It comes to something when the rather bizarre Labour leadership contest forces David Cameron to defend his government’s approach to the refugee crisis. Yesterday Yvette Cooper described ministers’ refusal to take more refugees as ‘cowardly’ and ‘immoral’, and today the Prime Minister insisted that ‘I don’t think there is an answer that can be achieved simply by taking more and more refugees’. He said:
‘We have taken a number of genuine asylum seekers from Syrian refugee camps, we keep that under review, but we think the most important thing is to try to bring peace and stability to that part of the world.’
Incidentally, the Prime Minister’s favourite economist Paul Collier offers his solution to the crisis here. But Cameron’s approach at the moment is to talk about the causes of the crisis (some of which are countries whose conflicts Britain intervened in, and some of which are countries Britain hasn’t intervened in), and then to focus a lot on making Britain as unattractive as possible to migrants. Indeed, the government’s new catchphrase is not ‘long-term economic plan’, but ‘hostile environment’, a phrase being dropped into more and more briefing documents and speeches - which hasn’t gone down well with some ministers and advisers.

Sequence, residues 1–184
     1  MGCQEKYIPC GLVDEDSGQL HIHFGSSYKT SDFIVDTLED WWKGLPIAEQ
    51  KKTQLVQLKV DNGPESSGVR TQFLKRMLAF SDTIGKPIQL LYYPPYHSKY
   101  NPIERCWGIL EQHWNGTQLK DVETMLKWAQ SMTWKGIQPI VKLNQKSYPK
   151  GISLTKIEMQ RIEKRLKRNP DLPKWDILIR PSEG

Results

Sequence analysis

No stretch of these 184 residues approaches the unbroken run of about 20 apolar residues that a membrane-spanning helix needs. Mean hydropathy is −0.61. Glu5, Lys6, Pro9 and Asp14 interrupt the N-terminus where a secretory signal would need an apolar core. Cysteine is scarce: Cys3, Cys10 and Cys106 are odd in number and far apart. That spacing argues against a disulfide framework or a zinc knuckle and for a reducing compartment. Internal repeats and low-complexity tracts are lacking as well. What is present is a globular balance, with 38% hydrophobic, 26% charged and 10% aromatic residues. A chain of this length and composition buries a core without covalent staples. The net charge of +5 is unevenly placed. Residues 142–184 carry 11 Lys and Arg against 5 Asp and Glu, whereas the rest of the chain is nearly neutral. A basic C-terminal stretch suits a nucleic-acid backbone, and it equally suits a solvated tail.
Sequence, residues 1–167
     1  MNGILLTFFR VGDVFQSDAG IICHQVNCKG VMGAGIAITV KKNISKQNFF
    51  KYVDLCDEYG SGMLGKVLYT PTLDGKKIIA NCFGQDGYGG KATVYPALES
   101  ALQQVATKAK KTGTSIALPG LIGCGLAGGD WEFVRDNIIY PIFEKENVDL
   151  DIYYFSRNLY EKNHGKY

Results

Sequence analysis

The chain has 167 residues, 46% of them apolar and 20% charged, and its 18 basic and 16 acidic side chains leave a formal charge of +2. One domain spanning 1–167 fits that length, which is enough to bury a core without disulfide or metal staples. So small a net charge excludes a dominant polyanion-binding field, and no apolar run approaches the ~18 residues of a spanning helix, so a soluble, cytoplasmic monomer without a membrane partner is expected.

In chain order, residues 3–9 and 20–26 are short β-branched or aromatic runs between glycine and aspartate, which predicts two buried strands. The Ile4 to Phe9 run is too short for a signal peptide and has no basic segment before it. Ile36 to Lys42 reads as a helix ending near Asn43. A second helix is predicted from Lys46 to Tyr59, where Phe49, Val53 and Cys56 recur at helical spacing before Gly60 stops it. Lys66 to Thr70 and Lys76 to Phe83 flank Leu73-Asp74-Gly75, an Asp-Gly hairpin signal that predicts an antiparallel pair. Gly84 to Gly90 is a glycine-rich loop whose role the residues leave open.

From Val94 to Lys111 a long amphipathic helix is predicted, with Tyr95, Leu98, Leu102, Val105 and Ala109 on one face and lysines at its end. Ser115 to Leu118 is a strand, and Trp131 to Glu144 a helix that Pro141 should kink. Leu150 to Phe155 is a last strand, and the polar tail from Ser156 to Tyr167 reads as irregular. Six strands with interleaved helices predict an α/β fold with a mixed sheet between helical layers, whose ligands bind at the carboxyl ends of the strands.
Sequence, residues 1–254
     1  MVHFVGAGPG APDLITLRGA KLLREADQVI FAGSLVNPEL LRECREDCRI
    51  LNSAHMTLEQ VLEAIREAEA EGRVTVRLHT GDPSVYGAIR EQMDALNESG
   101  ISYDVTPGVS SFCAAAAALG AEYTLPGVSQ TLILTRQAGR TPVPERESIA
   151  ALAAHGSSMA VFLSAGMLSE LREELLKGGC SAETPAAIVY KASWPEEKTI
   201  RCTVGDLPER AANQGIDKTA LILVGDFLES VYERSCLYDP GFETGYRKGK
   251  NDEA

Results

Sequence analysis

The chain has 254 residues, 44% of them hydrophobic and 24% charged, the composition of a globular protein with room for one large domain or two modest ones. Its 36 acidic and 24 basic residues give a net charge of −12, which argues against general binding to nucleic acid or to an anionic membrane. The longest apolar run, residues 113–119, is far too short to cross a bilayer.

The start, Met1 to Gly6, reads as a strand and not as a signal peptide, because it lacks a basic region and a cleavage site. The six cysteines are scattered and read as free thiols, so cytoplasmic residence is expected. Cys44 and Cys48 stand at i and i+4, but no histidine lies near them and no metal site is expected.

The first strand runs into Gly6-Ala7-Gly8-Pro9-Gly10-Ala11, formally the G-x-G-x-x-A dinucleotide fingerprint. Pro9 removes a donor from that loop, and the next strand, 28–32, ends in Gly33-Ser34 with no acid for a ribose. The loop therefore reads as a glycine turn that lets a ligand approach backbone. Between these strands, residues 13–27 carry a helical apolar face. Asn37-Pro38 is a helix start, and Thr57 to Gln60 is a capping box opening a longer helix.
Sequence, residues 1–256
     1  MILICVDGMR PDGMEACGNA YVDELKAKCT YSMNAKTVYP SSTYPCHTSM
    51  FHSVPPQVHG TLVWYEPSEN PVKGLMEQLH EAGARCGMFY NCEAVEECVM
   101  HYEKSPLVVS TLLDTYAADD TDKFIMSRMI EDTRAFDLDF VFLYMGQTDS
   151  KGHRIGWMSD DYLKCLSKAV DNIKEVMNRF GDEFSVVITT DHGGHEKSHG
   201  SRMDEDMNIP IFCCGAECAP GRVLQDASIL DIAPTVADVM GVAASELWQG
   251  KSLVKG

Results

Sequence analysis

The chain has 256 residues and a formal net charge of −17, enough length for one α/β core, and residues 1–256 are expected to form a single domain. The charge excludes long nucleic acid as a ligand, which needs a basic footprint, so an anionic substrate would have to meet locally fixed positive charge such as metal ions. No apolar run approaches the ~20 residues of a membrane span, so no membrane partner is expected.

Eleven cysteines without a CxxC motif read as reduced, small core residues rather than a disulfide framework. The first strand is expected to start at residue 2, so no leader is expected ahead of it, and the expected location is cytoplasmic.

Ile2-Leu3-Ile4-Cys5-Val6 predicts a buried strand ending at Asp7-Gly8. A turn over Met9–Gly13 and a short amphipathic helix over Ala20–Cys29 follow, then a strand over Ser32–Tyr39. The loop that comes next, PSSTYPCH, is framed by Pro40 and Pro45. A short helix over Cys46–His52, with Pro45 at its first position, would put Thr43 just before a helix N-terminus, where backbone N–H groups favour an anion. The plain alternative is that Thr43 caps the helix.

‘Hostile environment’ is the official name for the endless ‘crackdowns’ ministers have announced to imply they are in control of the situation. But this messaging has two risks. The first is that public opinion is changing in favour of Britain accepting more refugees, as people start to see distressing images of children drowning in the Mediterranean and pictures of German football stadiums festooned with ‘refugees welcome’ banners. The second is that even if the public does agree with the Conservative party’s current stance on refugees, the party will end up talking endlessly about immigration, which is something that never really benefits it anyway.